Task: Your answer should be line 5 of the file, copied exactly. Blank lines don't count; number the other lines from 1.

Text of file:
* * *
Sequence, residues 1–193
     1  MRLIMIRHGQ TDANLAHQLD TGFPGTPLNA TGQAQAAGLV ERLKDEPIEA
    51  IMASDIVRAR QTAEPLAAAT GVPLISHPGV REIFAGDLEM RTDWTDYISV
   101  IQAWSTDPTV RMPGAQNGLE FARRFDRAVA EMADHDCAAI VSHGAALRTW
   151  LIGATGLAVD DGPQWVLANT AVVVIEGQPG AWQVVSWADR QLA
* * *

   151  LIGATGLAVD DGPQWVLANT AVVVIEGQPG AWQVVSWADR QLA